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National Carrier.
Uganda decided to revive the National Carrier. Courtesy Photo

Key Events, Projections Behind Government's Revival of National Airline

The study revealed that currently, Uganda loses about USD 540 million annually, in form of higher transport costs (extra charges) to passengers originating and terminating at Entebbe International Airport due to absence of a National Carrier.
posted onJuly 24, 2018

By Abraham Kizza

KAMPALA. Government has revealed why it decided to revive the National Carrier, a week after the Uganda National Airlines Company ordered four new CRJ900 regional jets with the Bombardier Commercial Aircraft.

According to a feasibility report on National Airline obtained by the Kampala Post, the National Planning Authority (NPA) was directed by the Presidential Economic Council (PEC) to prepare and present a Paper on the revival of Uganda’s National Carrier.

NPA worked with other stakeholder institutions including Ministry of Works and Transport; Civil Aviation Authority; Uganda Air Cargo; Ministry of Finance, Planning and Economic Development; Ministry of Tourism, Wildlife and Antiquities; Ministry of Defense; Office of the President; Uganda Development Corporation (UDC) and Uganda Revenue Authority.

Why Reviving the National Carrier

The report indicates that the need for a National Carrier for Uganda was based on a number of reasons which are; the objective to enhance the country’s competitiveness by reducing the cost of air transport and easing connectivity to and from Uganda, the strategy to support faster harnessing of opportunities in the economy (tourism, agriculture and minerals, oil and gas) and the requirement to establish air transport infrastructure to meet the growing demand for air transport (passenger and cargo).

The report however mentions some of the major causes for failure of African based airlines. These are; under-capitalization, use of inappropriate aircraft technology, weak capacity for airline management, failure to appreciate airline value addition to the economy, political interference in airline management, corruption in procurement processes, among others.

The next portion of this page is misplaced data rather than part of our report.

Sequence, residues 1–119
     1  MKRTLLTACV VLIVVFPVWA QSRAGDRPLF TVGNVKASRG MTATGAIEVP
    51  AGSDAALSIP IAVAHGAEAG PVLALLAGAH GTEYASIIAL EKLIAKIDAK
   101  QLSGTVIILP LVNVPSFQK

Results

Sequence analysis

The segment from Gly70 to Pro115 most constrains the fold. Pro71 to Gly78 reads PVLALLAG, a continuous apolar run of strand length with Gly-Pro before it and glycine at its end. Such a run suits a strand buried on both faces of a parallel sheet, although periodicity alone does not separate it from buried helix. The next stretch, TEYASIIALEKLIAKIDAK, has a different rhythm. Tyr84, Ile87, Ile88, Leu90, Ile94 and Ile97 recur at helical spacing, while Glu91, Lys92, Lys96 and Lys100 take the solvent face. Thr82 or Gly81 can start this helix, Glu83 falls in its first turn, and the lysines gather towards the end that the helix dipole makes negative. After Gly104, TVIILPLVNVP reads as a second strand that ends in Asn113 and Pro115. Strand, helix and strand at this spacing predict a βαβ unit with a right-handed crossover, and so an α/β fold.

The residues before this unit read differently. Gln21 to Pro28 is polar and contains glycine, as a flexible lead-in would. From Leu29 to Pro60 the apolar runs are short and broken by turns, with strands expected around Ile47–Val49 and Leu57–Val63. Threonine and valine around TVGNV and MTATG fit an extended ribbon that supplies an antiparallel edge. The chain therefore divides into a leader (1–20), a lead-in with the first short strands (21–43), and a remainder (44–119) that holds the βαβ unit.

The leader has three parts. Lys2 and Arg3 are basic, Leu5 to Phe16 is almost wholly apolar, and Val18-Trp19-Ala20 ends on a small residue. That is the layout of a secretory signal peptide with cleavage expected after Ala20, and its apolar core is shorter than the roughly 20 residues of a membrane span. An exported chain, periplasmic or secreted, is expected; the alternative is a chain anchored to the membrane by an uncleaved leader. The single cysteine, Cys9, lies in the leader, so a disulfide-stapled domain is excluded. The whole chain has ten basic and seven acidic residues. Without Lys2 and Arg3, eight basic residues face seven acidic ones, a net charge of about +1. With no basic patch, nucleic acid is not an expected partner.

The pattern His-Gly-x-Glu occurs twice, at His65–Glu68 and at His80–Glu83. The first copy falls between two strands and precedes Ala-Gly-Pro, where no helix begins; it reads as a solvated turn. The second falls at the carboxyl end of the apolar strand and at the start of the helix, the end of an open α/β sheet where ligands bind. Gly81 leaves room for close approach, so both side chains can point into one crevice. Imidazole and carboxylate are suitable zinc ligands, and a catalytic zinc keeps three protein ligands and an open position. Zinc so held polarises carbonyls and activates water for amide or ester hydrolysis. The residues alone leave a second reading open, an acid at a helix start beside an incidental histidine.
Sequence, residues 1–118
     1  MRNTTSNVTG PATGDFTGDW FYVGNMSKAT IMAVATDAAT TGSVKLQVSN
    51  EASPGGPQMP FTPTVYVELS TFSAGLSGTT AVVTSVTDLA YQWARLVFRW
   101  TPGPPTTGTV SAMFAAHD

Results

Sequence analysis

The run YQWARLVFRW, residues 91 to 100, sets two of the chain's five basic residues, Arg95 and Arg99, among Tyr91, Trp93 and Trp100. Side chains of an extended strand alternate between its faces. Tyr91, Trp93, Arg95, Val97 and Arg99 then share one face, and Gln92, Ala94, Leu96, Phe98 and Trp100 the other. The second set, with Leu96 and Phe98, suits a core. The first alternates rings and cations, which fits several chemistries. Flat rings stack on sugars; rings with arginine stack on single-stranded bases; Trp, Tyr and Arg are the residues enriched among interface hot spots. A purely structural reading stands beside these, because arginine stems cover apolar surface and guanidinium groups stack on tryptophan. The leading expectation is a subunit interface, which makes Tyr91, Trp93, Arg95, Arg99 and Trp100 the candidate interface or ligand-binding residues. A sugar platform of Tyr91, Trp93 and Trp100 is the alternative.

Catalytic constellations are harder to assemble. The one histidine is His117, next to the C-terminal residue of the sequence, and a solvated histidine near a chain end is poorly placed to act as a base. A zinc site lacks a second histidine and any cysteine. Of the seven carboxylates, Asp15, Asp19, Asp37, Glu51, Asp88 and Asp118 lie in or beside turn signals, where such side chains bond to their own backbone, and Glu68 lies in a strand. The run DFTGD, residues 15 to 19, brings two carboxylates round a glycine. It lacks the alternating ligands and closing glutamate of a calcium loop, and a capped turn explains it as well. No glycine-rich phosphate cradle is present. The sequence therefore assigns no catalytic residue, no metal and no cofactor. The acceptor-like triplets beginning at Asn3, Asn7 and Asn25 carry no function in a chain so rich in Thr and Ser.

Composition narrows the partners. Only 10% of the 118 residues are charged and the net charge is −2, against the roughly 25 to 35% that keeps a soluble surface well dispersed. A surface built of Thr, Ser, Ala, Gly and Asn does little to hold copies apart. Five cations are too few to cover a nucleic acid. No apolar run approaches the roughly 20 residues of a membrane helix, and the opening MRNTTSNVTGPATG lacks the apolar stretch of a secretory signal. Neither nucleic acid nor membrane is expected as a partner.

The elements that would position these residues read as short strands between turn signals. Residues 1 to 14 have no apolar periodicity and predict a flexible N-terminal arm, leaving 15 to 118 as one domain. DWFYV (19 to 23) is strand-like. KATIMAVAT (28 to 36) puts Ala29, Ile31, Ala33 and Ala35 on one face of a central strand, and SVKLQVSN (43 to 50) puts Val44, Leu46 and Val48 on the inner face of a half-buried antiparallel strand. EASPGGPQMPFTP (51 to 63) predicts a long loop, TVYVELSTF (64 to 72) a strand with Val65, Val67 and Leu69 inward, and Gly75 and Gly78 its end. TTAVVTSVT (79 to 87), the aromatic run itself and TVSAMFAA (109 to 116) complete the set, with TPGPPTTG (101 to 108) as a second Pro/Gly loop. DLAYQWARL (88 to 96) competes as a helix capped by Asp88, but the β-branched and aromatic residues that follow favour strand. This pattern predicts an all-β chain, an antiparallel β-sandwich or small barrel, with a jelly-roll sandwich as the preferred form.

The Process

“A comparative technical evaluation of the different aircraft types based on market suitability, aircraft cost, efficiency, reliability and resilience, cargo capacity and configuration, cabin comfort and technology, among others, identified the CRJ 900 and Airbus A300-200 series as the most appropriate aircraft types for the National Carrier’s regional and international operations, respectively,” the study report shows.

It adds that the scenario to purchase aircraft for both regional and international operations gives the highest financial and economic benefits to Uganda compared to all the options under the scenario of leasing aircraft.  All leasing options give financial and economic results that are below the minimum threshold required for investment decision. In particular, it is only the case of leasing aircraft for regional operations that marginally meets the threshold for investment.

The report recommended that the options of leasing aircraft should be considered after the airline has built sufficient assets for the necessary credit worthiness of the airline.

It adds that this is necessary because the airline requires capital assets (aircraft fleet or cash equity) to be used as a basis for code sharing and receiving other airline services on credit that are billed monthly.

In the case of Uganda’s National Carrier Business Plan developed in the study, a total cash equity of USD 140 million will be required to replace the option of using aircraft as the asset base.   

The study revealed that currently, Uganda loses about USD 540 million annually, in form of higher transport costs (extra charges) to passengers originating and terminating at Entebbe International Airport due to absence of a National Carrier. The best-case investment scenario (combined regional and international aircraft purchase) would generate a direct Net Present Value (NPV) economic benefit of USD 580 million, after taking care of all the investment and operating costs, over a 15-year period.  

“Government requires to undertake full capitalization of the National Carrier during the initial years and later divest through public listing to avoid challenges of risk transfer between Government and private sector,” the study report further indicated.

The study therefore recommended that Government implements the investment option for aircraft purchase with a combination of regional and international operations that gives greatest financial and economic benefits to Uganda.

The study also recommended that the investment in the National Carrier should be considered as an infrastructure for enhancing the country’s global connectivity and competitiveness, beyond the direct financial benefits. It added that the carrier will play a critical catalytic role in tourism development and promotion, export growth, investment in various priority sectors and global networking.

Prof. Kisamba Mugerwa, Chairperson National Planning Authority, while speaking about the report said that the revival of Uganda’s National Carrier will be a key milestone towards improving the country’s competitiveness and achieving the middle-income status goal.

History of Airlines in Uganda

The table below indicates historical overview of airlines in Uganda as traced from 1943 to date according to National Planning Authority.



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